Marestail (aka horseweed) has two primary periods of emergence - from late summer into fall, and from late March through June. Spring-emerging marestail has been the most problematic to manage in the southern half of Ohio and Indiana, especially the plants that emerge in May and June.

Marestail plants overwinter in the rosette stage, and remain in this low-growing stage through late April, followed by stem elongation (bolting) and growth to an eventual height of 3 to 6 feet. Plants that emerge the previous fall will start stem elongation earlier than spring-emerging plants.

Marestail is most easily controlled when in the seedling or rosette stage, and burndown herbicides should be applied prior to stem elongation.

Marestail competes with the soybeans throughout the growing season, and reduces crop yield. Marestail matures in late summer or early fall, and large mature plants can interfere with soybean harvest.

Marestail plants can produce up to 200,000 seed that are transported by wind, providing for effective spread of herbicide-resistant populations.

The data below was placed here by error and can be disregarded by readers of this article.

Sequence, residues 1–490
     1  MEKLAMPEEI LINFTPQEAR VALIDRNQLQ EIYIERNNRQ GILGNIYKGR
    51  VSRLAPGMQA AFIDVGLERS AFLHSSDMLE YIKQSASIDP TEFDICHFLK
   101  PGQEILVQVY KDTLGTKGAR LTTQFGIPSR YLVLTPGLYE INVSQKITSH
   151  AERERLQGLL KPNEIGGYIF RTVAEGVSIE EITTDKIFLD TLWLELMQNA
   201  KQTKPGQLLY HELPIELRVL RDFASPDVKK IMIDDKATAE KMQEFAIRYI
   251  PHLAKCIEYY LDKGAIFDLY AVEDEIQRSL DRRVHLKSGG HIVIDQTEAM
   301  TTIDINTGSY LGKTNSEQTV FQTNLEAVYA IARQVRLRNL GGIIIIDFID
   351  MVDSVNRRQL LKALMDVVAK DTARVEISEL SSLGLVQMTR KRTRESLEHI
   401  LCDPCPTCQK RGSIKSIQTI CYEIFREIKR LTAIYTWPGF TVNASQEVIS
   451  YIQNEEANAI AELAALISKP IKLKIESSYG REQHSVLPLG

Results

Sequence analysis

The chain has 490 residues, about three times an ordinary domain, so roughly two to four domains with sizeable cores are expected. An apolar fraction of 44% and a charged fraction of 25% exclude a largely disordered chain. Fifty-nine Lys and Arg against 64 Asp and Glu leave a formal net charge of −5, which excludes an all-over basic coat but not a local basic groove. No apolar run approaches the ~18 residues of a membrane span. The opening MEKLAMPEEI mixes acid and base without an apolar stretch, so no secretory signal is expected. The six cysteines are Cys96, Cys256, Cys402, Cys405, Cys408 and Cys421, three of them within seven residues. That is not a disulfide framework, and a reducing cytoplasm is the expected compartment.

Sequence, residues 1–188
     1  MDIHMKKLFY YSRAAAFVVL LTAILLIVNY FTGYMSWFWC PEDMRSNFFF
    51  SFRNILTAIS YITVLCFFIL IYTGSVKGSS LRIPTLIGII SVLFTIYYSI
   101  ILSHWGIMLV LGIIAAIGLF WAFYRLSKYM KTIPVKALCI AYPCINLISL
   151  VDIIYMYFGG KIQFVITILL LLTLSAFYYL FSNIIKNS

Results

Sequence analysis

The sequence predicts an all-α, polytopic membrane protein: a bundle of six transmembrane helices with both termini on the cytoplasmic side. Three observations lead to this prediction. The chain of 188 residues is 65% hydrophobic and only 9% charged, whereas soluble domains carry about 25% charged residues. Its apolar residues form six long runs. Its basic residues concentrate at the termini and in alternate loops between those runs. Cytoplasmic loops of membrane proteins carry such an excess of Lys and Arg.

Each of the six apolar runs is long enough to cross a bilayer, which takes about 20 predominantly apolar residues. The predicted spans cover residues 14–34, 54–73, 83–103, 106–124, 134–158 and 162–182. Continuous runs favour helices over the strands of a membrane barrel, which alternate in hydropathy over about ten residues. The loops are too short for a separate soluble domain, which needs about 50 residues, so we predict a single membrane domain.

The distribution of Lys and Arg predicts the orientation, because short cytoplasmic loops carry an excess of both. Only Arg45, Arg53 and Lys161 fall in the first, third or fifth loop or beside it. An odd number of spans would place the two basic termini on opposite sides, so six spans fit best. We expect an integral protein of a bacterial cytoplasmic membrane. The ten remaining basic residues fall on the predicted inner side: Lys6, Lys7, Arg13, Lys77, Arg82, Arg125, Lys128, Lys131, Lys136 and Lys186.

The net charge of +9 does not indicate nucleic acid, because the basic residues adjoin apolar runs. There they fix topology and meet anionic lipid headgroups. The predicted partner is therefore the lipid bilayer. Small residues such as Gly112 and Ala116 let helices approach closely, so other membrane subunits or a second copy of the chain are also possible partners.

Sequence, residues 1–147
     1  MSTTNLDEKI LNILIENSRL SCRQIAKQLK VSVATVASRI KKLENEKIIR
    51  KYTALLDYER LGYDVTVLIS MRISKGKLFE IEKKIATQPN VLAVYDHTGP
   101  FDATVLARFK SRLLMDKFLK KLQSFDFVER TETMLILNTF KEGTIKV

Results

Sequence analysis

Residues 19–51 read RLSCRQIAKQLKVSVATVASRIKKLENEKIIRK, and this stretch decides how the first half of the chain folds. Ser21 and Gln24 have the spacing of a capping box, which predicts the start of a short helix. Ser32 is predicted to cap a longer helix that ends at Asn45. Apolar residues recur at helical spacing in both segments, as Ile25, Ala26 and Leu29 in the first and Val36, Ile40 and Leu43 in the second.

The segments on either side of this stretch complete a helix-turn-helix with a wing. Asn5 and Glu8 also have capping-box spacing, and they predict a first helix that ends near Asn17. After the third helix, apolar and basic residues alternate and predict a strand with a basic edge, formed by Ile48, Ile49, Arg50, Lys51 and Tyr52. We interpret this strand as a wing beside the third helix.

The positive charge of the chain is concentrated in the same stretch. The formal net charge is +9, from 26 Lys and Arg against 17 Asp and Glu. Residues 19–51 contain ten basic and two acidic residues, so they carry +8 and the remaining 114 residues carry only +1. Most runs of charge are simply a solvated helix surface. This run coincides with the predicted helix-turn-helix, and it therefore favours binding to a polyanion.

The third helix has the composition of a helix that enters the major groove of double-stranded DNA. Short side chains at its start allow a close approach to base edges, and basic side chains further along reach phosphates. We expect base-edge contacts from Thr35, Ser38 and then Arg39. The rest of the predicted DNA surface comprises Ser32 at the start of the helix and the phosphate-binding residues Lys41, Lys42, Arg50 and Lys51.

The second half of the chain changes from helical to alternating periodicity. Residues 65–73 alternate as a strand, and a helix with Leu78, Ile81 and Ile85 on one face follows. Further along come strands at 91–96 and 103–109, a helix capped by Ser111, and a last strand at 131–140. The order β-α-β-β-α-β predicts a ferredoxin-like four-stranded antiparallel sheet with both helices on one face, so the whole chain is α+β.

Soybean yield loss due to marestail

Herbicide programs must consist of: 1) fall and spring burndown treatments (or two spring treatments - early spring and at plant) to ensure that the field is free of marestail at the time of soybean planting, and 2) spring-applied residual (PRE) herbicides to control marestail for another 6 to 8 weeks after planting.

Failure to follow these guidelines can result in poor control and reduced soybean yield. We observed the following soybean yields in a 2010 OSU marestail study:

51 bu/A - the burndown treatment failed to control emerged plants

57 bu/A - the burndown treatment was effective, but there was no residual herbicide

65 bu/A - the burndown was effective and effective residual herbicides were used

Herbicide resistance in marestail

Most populations of marestail in Ohio and Indiana are resistant to glyphosate, and will not be controlled by burndown or postemergence applications of glyphosate alone.

Many marestail populations are now multiple-resistant, to both glyphosate (group 9) and ALS-inhibiting herbicides (group 2 - e.g. Classic, FirstRate). Growers should therefore not expect to obtain effective POST control in soybeans with combinations of glyphosate plus Classic, Synchrony, or FirstRate. Postemergence PPO-inhibiting herbicides (group 14), such as Flexstar, Cobra, and Cadet, also do not control marestail.

Other Impacts of glyphosate + ALS multiple resistance

Fall-applied Canopy or other chlorimuron- or cloransulam-containing herbicides will not provide residual control of ALS-resistant marestail into spring, and residual herbicides should largely be reserved for spring application (at least with regard to marestail - residual control of other weeds can occur).